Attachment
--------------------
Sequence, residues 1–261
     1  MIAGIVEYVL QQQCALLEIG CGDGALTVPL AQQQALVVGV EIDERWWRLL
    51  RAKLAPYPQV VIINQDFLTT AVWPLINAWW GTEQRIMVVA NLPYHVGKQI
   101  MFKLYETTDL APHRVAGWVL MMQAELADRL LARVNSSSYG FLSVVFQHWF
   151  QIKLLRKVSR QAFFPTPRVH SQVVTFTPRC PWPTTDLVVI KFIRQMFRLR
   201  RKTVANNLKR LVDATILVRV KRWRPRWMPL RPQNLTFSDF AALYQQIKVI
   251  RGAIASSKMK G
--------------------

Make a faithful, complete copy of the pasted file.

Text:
Sequence, residues 1–261
     1  MIAGIVEYVL QQQCALLEIG CGDGALTVPL AQQQALVVGV EIDERWWRLL
    51  RAKLAPYPQV VIINQDFLTT AVWPLINAWW GTEQRIMVVA NLPYHVGKQI
   101  MFKLYETTDL APHRVAGWVL MMQAELADRL LARVNSSSYG FLSVVFQHWF
   151  QIKLLRKVSR QAFFPTPRVH SQVVTFTPRC PWPTTDLVVI KFIRQMFRLR
   201  RKTVANNLKR LVDATILVRV KRWRPRWMPL RPQNLTFSDF AALYQQIKVI
   251  RGAIASSKMK G